Scenic design is both the most concrete and often (except for maybe sound design) the least analyzed aspect of a stage play. But veteran designer Tony Ferrieri's work on Marcus; or The Secret of Sweet struck me as exceptional.
The play's a coming-of-age story set in the Louisiana bayou. City's thrust stage is set up mostly as a series of narrow boardwalks, backed by two stylized "houses": façade doorways, one accompanied by a set of stairs that rises to a little platform that serves mostly as Marcus' bedroom.
Ferrieri is possibly Pittsburgh's busiest set designer, a frequent contributor at City, Quantum Theatre and elsewhere, and this set makes it easy to see why. Though it's made almost entirely of unpainted wooden boards, it speaks volumes about playwright Tarell Alvin McCraney's theatrical world.
It's a play where the title character's growth has a lot to do with hidden pasts in his family and small town. The boardwalk, accordingly, curves its way just over top of the onstage pool of water the script calls for – a shallow mini bayou the play uses to symbolize a dream world, the past, or both. Ferrieri's boardwalk evokes this in such a way that you feel that the characters are always on the cusp of breaking through or tumbling into it (a warm-weather version of thin ice, perhaps).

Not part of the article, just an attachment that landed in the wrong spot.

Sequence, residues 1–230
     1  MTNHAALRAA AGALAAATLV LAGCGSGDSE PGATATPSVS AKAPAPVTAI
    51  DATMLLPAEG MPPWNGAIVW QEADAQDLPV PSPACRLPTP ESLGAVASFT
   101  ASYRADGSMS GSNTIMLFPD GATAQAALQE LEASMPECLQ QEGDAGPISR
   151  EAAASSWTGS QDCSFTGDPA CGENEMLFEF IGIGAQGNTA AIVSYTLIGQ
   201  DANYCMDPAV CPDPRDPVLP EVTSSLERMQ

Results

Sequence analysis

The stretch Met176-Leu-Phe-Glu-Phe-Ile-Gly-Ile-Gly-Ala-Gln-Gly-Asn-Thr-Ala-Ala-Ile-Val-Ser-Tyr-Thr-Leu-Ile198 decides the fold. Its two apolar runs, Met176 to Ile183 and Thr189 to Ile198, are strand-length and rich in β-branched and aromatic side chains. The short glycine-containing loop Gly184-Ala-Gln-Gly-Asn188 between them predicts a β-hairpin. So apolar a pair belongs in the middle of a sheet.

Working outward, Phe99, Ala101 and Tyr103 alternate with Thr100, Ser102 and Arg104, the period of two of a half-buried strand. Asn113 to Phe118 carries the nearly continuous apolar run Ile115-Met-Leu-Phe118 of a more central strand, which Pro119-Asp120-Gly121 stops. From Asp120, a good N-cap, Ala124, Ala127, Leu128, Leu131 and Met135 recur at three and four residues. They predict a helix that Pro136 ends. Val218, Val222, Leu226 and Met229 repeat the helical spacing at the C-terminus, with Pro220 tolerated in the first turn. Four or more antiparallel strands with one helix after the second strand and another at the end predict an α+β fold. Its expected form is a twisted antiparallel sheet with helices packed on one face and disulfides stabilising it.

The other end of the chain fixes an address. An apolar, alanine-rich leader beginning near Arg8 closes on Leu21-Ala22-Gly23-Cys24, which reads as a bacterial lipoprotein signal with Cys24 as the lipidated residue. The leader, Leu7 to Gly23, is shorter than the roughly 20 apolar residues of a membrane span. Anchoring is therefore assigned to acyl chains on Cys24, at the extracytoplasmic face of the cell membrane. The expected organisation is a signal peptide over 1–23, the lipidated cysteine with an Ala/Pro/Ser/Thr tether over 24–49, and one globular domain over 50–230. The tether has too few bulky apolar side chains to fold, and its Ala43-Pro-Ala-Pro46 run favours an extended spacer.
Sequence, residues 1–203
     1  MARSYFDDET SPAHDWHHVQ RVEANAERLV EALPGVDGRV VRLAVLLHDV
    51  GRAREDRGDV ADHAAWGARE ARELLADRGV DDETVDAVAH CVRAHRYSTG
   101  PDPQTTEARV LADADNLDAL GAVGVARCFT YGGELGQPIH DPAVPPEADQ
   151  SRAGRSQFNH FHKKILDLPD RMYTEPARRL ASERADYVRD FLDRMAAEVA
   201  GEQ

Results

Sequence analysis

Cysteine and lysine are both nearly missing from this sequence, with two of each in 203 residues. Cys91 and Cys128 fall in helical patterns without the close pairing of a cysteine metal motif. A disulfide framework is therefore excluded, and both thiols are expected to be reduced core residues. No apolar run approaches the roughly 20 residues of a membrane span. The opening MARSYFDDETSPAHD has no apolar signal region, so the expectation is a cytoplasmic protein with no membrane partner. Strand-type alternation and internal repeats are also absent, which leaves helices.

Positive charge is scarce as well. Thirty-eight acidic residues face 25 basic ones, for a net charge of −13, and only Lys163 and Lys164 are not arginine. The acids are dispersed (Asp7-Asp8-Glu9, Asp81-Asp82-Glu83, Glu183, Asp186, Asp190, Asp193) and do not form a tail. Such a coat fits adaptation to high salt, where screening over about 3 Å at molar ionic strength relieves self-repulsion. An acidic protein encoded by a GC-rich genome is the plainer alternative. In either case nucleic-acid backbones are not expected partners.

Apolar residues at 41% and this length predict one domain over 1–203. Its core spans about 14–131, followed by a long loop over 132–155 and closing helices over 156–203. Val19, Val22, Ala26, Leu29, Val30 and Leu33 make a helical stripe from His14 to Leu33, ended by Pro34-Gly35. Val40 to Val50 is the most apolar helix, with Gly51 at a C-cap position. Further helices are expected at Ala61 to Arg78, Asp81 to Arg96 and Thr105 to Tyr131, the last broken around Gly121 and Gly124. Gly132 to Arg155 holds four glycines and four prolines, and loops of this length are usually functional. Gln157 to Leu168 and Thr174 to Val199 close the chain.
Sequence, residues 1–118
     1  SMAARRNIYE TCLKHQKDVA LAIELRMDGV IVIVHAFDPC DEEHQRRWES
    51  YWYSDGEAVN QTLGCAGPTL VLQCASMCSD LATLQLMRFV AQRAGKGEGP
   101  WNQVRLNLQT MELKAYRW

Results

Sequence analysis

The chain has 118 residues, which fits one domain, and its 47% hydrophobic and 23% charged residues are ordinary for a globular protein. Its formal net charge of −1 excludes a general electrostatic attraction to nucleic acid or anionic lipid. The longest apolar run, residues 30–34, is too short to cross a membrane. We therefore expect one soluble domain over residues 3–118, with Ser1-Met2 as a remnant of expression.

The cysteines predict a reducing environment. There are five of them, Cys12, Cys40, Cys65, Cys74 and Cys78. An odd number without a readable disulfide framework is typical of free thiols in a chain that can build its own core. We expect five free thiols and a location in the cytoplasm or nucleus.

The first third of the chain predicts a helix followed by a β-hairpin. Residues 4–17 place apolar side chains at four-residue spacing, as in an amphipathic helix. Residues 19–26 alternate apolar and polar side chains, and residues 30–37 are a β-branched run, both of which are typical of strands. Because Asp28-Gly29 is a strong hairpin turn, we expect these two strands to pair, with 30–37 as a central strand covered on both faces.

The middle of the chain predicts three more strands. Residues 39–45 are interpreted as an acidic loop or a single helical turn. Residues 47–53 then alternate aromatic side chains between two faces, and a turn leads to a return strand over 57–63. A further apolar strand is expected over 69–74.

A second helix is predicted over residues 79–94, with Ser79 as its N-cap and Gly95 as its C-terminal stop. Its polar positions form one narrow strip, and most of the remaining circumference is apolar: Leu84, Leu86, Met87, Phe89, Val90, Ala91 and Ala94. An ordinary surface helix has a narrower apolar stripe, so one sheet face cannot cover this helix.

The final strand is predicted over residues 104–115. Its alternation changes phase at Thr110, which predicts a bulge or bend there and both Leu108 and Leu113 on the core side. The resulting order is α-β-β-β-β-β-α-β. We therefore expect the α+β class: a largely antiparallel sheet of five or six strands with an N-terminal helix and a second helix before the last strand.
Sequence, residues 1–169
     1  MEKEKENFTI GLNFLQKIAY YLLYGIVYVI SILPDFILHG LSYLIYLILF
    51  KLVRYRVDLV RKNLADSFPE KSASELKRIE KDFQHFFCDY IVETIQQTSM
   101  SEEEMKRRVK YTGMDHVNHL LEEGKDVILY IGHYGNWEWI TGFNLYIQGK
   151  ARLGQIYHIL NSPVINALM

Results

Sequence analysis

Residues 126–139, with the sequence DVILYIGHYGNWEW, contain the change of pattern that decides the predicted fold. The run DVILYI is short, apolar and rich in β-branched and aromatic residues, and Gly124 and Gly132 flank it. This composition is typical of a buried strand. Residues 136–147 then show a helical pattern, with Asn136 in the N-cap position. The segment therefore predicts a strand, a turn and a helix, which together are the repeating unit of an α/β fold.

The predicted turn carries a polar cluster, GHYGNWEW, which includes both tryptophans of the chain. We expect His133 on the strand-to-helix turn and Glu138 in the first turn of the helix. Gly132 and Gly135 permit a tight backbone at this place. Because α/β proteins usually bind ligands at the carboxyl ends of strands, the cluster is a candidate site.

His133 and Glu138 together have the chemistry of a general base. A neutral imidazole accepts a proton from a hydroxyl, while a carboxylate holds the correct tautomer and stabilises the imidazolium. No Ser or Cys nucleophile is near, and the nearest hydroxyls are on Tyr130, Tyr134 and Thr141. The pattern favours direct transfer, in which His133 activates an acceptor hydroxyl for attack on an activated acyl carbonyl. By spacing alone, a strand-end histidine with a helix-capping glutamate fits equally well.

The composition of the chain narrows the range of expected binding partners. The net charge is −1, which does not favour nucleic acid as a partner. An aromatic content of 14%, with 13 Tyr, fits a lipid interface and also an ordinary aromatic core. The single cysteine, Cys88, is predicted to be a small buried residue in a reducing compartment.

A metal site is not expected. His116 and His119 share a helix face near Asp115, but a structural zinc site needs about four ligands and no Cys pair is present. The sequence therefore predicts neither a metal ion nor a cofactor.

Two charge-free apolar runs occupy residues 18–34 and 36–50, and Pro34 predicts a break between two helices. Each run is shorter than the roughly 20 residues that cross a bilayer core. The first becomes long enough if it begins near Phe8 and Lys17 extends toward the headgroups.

More clever still are the stylized trees that loom upstage. These are silhouettes, but they too are made of those same boards, arrayed in short horizontal sections. This suggests a oneness of the natural world with both fencing and clapboard housing, which well suits McCraney's highly theatrical conception of dream sequences, quasi-Shakespearean monologues and characters who sometimes say their stage directions aloud (i.e., "Enter Terrell").
And oh, yes, the play is quite good, too.
The show's final performances are this weekend, concluding with the Sun., Feb. 13, matinee (www.citytheatrecompany.org).